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I am planning a Yellowstone trip Next year.

I am planning a Yellowstone trip Next year. Any advice from people who have been there on staying at a central location and driving to all the scenic spots or staying at a different location every night? I want to see all the major attractions!
  • JodiH
     asked this on October 04, 2011 at 09:47 AM
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Alot depends on your time constraints. There is so much to see not only in YellowStone but the surrounding areas. If possible, to the West is West YellowStone. The drive to Bozeman from West is spectacular through the gorge. From Bozeman head east to Livingston then south to Gardner. The drive through "Paradise Valley" with the collection of highest peaks in Montana to east is precious. Enter the park at Gardner, visit the Mammoth Hot Springs, head east through Lamar Valley( a must), and stay in Cooke City. (3 people were attacked in tents by a mother grizz with 3 cubs last year, I was there the day it happened, very sad event). If time allows, take the "Bear Tooth Highway". A drive you will never forget. Mountain peaks are near 12,000 feet, so if a person has breathing problems, don't go. Head back south through the park to the Teton's. If possible go to Jackson Hole. The drive there is easy (may seem kind of long if your in a hurry) and memorible. Jackson Hole can be expensive but if your not staying a long time,it is worth it. Take the "Jackson Pass" (I think it is call) over into Idaho (I forget the name of the little town on the Idaho side, but there is a great Hot Dawg resturant there). Key in WestYellowstone on your GPS and the backroads are a treat. Matter of fact there is a Canyon that is in the middle of the flat lands that is pretty cool. I have ran on way too much, but my lovely wife and I had the opportunity to spend April through October North of WestYellowstone and it was a dream come true. Hope this helps. Oh BTW, the summer in the park has a LOT of traffic. Be prepaired to go slow. Drinks and snacks are recommended.
  • Frankie
     answered this on January 22, 2012 at 05:45 PM
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We asked Rick Hoeninghausen, director of sales and marketing for Xanterra Parks & Resorts (the park concessionaire), for some advice. Here's what he had to say: "We're happy to hear about your trip to Yellowstone! From our perspective as the in-park hotel concessionaire, whether or not you stay at one location should be based on your preference for packing/unpacking and intended experience. You really can't go wrong either way. One base location is great. Not having to pack up each day certainly has its advantages! There are several hundreds of miles of roads in Yellowstone, so plan to be here a few days so you don't have to rush. The other option, multiple overnight locations, offers the potential of more thorough experiences in different areas of the park. For example, the southern region of the park has more geysers and hot springs. Staying at Old Faithful or Grant Village gives you a chance to experience them "out your door." The northern region of the park has a larger concentration of wildlife. Mammoth Hot Springs, Canyon Lodge or Roosevelt Lodge offer the potential of wildlife "out your door" and it's a shorter driver to Lamar Valley, a wildlife hot spot. It's all about the experience you most prefer. If you do want to stay for several days in one location, book as soon as possible as specific dates do fill up in advance, especially between mid-June and late August. If you want to stay in the park, you can call toll-free at 866-439-7375 or book online at http://www.yellowstonenationalparklodges.com. Wishing you great travels!"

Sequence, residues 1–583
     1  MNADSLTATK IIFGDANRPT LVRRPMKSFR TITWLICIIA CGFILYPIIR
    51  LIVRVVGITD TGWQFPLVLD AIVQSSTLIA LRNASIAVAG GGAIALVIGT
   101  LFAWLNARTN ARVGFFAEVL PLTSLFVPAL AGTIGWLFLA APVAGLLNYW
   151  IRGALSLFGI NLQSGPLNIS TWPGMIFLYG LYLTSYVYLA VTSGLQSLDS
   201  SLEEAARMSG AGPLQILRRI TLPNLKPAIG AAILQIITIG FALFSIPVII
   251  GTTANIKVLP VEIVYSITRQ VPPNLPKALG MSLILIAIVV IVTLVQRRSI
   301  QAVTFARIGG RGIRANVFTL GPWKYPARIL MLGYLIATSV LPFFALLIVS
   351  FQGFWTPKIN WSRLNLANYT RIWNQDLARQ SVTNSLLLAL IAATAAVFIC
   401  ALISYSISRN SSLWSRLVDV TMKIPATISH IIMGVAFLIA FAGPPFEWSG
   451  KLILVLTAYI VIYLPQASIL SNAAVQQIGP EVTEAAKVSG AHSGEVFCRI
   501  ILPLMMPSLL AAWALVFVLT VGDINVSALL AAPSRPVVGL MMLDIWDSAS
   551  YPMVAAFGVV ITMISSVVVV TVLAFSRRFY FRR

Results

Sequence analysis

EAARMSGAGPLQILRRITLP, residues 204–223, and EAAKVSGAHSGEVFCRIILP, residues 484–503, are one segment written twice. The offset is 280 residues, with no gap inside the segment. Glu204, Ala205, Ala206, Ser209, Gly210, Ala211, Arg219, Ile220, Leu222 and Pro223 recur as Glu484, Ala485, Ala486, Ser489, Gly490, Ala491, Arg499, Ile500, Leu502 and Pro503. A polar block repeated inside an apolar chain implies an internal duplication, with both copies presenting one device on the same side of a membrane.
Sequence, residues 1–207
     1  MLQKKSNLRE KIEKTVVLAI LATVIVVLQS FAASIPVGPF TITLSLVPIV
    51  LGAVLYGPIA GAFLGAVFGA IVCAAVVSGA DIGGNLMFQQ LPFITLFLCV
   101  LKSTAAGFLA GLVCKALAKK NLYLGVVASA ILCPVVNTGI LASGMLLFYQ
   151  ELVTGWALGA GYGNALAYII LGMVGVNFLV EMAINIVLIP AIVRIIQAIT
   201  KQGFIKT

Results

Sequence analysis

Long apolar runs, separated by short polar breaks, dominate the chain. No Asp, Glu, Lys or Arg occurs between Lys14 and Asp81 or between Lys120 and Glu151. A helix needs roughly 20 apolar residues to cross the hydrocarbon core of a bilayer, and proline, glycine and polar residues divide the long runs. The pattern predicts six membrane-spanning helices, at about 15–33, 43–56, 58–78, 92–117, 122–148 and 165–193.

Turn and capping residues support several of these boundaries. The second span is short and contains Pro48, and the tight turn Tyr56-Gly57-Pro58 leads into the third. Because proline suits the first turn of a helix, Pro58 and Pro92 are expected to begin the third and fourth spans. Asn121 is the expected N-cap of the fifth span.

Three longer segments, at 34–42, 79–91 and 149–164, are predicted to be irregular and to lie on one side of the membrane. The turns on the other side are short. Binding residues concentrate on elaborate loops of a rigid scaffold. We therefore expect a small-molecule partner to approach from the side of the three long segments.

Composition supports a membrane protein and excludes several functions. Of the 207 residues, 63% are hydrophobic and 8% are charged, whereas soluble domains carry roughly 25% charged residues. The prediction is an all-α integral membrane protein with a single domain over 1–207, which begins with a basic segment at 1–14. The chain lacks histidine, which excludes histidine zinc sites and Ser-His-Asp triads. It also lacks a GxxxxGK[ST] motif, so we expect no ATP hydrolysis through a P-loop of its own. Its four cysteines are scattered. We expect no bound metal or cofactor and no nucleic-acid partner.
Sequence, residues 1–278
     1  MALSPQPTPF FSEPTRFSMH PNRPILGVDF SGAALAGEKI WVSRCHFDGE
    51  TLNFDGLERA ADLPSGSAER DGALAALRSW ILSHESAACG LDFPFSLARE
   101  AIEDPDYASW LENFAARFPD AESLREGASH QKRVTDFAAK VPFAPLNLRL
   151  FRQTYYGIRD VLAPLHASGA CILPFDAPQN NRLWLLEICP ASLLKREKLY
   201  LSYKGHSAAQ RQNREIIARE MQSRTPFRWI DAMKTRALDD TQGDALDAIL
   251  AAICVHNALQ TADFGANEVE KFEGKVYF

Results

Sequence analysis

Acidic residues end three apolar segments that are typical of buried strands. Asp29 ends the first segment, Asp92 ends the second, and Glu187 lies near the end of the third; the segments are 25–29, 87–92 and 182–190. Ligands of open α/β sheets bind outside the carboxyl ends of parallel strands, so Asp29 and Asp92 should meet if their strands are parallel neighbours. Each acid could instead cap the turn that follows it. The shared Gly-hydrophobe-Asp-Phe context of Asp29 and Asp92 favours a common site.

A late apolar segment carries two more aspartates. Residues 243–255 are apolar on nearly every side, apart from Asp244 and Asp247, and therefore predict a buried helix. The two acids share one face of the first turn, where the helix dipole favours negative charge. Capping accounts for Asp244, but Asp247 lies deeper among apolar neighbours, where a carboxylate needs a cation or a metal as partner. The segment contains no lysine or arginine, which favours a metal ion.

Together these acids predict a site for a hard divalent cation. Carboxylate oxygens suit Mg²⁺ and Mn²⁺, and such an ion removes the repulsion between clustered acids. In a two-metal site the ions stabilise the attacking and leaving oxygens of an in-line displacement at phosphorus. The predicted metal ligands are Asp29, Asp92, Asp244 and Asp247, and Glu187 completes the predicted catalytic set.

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Camping is a pretty good option. South of the park is the Jenny Lake Lodge (there's a campground there too, right on the lake, which is beautiful). The advantage there is that you can visit Yellowstone and Grand Teton National Park (to the south).
  • Pieter
     answered this on October 05, 2011 at 11:14 AM
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I would stay right in the park if you can find an open room, I think they book up pretty fast in the summer. We stayed in Old Faithful Inn while we were there. It was beautiful and rustic, a bit pricey but worth it to be right in the park and able to just head out early in the morning to see the wildlife when they're most active. The Roosevelt Lodge is fun as well. They're older log cabins, with a better price. They have rockers on the front porch and family-style dining. TVs, AC, and internet aren't available though so if you need that you might want to go elsewhere. If you're going during the winter, Mammoth Hot Springs Hotel is the only one open to vehicle traffic.
  • Lacy
     answered this on October 05, 2011 at 09:36 AM
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